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Double Happiness

Image // PG-13 // April 17, 2007
List Price: $9.99 [Buy now and save at Amazon]

Review by Jeffrey Robinson | posted June 5, 2007 | E-mail the Author

The Movie

Double Happiness is a movie about a young woman and her life in a traditional Chinese family. The movie was produced in 1994 by Canadian-Chinese director Mina Shum. The film was debuted in the Toronto Film Festival and won a couple awards, and a few others from other film festivals. It was a pretty successful production. Headlining the cast is Sandra Oh (Grey's Anatomy), whose performance is simply sensational. Double Happiness offers an invigorating story that pulls you in and doesn't let go.

Jade Li (Sandra Oh) is a twenty-something aspiring actress who dreams of winning an Academy Award. She also lives at home and comes from a very traditional and conservative Chinese family. Her father (Stephen Chang) is as strict as they get. For instance, Jade's brother Winston was disowned for failing to live up to the high Li family values. Her mother (Alannah Ong) is a caring woman who doesn't always agree with the strict rules set by her husband, but understands they are important. Pearl (Frances You) is Jade's younger sister who is trying to make sense of it all.

The Li family immigrated to Canada from Hong Kong in hopes to offer their child better opportunities. Like many other traditional Chinese families, the parents impose strict and high expectations in regards to academic, professional, and personal achievements. For Jade and other first generation young adults, the expectations can be too much. Jade is forced to live a double life, for her parents and herself. She fears losing her family as her older brother Winston was disowned.

Double Happiness follows Jade's life as she comes to a crossroad and decides whose life is more important. In this story, some of the key events include Jade dating a Caucasian university student Mark (Callum Keith Rennie), being setup on dates with "respectable" Chinese men, and her family putting on a facade for the visit of her dad's childhood friend Bing (Greg Chen). These situations and a couple others unfold and outline the hardship Jade faces trying to satisfy her own ambition and the strict expectations of her family.

What works for Double Happiness is Sandra Oh. She does a wonderful job in her role and gives a topnotch performance, providing an emotionally troubled, conflicted character. Furthermore, her chemistry with the other actors and actresses works well. It is no surprise that Oh won an award for her performance (Genie Award for Best Performance by an Actress in a Leading Role, awarded by the Academy of Canadian Cinema and Television).

The story itself is also compelling. The Li family values and high expectations set by her parents (primarily her father) are not uncommon for recently immigrated families. The high expectations are demanding and this story addresses the reality of these situations well. Kids who come from immigrated families and are "Americanized" seek to live out their lives without regard or restriction based upon what or who their families deem respectable. Another key point is the intelligent and witty dialogue, which helps keep the film engaging.

However, while I thoroughly enjoyed Double Happiness, I took issue with something that is probably very minor and perhaps insignificant. Sandra Oh plays a Chinese character and if you are familiar with her background, then you know she is Korean. Oh has very distinct Korean physical characteristics (in my opinion) and I couldn't stop thinking about how much she does not look like she's Chinese. In this respect, I thought she looked out of place. Still, the film was very strong and as I said, it is a minor gripe. Most people probably won't even notice. The fact remains that Oh gave a topnotch performance.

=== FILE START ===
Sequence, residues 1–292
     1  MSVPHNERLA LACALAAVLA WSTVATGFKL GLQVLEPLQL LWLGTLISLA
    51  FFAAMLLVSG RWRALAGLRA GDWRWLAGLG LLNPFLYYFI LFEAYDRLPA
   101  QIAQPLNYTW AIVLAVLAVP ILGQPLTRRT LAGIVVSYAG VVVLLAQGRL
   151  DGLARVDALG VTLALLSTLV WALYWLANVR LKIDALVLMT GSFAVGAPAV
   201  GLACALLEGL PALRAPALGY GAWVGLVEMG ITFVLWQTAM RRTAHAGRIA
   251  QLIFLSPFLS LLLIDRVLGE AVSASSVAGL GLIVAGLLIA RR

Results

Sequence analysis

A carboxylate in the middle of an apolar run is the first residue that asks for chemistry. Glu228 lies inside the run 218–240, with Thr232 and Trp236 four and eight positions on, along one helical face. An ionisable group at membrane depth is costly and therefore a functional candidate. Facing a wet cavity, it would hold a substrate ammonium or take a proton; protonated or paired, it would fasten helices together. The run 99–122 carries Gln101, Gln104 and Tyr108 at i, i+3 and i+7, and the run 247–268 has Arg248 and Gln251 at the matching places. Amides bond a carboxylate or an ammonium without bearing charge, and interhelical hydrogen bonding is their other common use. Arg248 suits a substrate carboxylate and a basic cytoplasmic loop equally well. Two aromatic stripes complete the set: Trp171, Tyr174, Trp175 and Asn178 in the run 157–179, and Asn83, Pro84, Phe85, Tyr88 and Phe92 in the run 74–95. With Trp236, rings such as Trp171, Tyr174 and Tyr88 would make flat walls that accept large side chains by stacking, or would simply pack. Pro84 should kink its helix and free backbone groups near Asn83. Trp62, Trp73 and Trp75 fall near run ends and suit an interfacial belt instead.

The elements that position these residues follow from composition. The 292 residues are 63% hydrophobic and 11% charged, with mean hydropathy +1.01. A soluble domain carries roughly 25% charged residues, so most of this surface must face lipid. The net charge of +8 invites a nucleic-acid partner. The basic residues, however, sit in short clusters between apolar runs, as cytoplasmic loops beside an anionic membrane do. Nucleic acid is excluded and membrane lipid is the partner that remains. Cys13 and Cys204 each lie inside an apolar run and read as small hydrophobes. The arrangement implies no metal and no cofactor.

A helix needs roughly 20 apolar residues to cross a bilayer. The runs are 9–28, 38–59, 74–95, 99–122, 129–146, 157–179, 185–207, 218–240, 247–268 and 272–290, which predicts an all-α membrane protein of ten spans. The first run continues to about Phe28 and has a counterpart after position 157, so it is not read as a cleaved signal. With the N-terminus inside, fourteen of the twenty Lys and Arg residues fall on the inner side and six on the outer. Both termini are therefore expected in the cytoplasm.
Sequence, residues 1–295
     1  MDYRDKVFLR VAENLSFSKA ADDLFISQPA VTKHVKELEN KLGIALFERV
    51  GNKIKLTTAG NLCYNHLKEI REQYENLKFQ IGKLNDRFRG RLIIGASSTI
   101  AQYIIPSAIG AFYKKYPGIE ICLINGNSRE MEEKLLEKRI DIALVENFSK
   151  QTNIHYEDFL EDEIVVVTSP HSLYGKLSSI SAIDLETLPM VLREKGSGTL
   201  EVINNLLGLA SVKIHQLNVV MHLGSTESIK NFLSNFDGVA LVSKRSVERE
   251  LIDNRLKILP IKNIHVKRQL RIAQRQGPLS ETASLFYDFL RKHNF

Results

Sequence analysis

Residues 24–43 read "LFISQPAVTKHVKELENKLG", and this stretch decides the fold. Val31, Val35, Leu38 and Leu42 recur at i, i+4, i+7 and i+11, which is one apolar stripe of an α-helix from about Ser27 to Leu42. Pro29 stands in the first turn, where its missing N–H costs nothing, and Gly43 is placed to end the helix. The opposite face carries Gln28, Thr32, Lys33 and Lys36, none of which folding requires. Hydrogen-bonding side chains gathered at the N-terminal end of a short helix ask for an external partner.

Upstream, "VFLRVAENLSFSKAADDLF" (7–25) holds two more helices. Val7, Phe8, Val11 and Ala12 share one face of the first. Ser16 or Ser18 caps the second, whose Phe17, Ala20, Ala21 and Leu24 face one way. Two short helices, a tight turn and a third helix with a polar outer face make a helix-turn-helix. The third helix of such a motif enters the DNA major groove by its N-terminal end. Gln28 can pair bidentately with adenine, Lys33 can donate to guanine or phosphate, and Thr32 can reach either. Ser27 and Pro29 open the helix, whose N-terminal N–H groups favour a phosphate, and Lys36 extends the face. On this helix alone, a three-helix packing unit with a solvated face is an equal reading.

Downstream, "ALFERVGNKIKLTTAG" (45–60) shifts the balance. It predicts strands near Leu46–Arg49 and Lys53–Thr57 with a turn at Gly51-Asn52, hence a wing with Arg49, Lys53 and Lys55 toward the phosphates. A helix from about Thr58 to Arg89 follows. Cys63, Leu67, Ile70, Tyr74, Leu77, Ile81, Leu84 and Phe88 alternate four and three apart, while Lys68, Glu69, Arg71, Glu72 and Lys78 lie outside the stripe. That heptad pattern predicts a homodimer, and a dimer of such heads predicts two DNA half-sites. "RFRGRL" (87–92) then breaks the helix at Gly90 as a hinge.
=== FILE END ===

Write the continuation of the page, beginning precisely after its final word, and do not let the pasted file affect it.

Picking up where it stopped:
Overall, Double Happiness is a fantastic drama that portrays the life of a twenty-something year old Chinese woman who is trying to come to terms about how to life her life. The story details a realistic issue that many first generation individuals have deal with who come from recently immigrated families. The movie is one that should not be missed. However, while it is strong, it has limited replay value. It is good, but I cannot imagine wanting to watch is over and over again.

The DVD

Video:
The video is given in its original theatrical presentation of 1.85:1 ratio widescreen color format. The picture quality is pretty good, but not great. There is a distinct grain in the video and it is noticeable throughout the feature. However, considering it was produced in 1994, it still looks quite good.

Audio:
The audio is given in Dolby digital 2.0 stereo sound. The language track is a mix of English and Cantonese; there are forced English subtitles for Cantonese language portions. The sound quality is pretty good and suits the needs of the presentation. It is dialogue driven and the characters are audible.

Extras:
There are no extras included with this release.

Final Thoughts:
Double Happiness is a drama about a twenty-something year old Chinese woman who is coming to terms with her double life. Her family expectations dictate that she lives a certain way; she tries to appease them while fulfilling her own dreams. As the story unfolds, Jade Li (Sandra Oh) realizes what is more important when her two lives come to a clashing halt and she is forced to pick one. The movie is very strong and actress Sandra Oh gives a compelling and sensational performance as the lead. The story also captures an authentic issue that many individuals from immigrated families have to deal with. The combination of the characters and storyline produce an exhilarating story that is easy to get into. However, while a good film, Double Happiness has limited replay value.

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